Laser diffraction particle size analyzers support dry measurement whereby the target particle group is dispersed in air and measured. The capability for dry measurement in addition to wet measurement, whereby the particle group is dispersed in a liquid, is an important feature of laser diffraction particle size analyzers and suggests the potential for a wide range of applications.
Dry measurement is used for measurement targets and purposes such as follows that cannot be met by wet measurement.
- Drugs and foods that cannot be measured by wet measurement due to their dissolving in water or dispersion medium
- Samples, such as powder paints, that should be measured by dry measurement in consideration of their purpose and conditions of use
There are two types of dry measurement, injection type (forced-dispersion) dry measurement and free-fall type (Non dispersive) dry measurement. Fig. 1 shows the basic configuration of injection type dry measurement.
Fig. 1 Injection Type Dry Measurement
With the injection type dry measurement method, compressed air is used to inject the measurement target powder (particle group) from a nozzle and forcibly disperse it in air so that it passes through a laser beam for measurement. The dispersing force can be adjusted by the pressure of the compressed air and the shape/structure of the nozzle. With injection type dry measurement, aggregates can be dispersed, which makes it ideal for measurement of primary particles. However, it is generally believed that particles of size 1 µm or smaller hardly exist when a sample is dispersed by this kind of method.
Moreover, by this method, magnetic particles that tend to aggregate in liquid and are more difficult to measure sometimes can be measured successfully. Fig. 2 shows an example of measurement of magnetic particles. Next, Fig. 3 shows the basic configuration of free-fall type dry measurement.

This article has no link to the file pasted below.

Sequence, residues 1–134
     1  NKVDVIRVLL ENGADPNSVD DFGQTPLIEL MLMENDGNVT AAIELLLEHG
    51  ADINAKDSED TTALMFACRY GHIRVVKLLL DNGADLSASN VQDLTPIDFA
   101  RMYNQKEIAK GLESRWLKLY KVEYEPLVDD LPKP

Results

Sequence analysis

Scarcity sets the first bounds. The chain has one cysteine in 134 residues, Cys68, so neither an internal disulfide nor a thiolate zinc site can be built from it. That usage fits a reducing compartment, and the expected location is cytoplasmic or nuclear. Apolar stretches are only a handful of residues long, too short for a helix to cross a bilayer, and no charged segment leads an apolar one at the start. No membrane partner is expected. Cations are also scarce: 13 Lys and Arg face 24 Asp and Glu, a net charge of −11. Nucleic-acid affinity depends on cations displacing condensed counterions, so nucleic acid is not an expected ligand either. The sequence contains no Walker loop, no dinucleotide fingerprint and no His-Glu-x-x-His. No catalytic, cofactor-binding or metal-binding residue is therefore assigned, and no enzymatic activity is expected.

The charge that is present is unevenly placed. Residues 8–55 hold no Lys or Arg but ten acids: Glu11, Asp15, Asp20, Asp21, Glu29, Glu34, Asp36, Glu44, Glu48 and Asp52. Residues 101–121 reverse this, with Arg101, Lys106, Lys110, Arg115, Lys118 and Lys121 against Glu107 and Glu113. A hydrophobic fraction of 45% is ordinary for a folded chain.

Fig. 2 Measurement Result of Magnetic Particles by Injection Type Dry Measurement
Fig. 3 Free-Fall Type Dry Measurement
With free-fall type dry measurement, as its name implies, measurement target powder (particle group) is made to free-fall by means of a vibrating feeder or similar mechanism from the top of the measuring unit so that it passes through a laser beam for measurement. By this method, powder (particle group) is measured without dispersing force being applied to it. Consequently, this method is suited to powders such as granules that are best not subjected to dispersing force.
Since particles are measured without being dispersed, the size of the particles might become considerably larger compared with the injection type, which necessitates use of an optical system (measuring unit) capable of measuring even large particles.
In the past, wet measurement was the mainstream method in laser diffraction particle size measurement, and fields in which dry measurement was applied were quite limited. Lately, however, use of this latter method has started to rapidly gain popularity mainly in the fields of medicines, pharmaceuticals, foods and paints. Apparently, technological advancements in injection type measurement methods and the capability to measure particle size distribution with high reproducibility just like wet measurement have greatly affected this increasing popularity.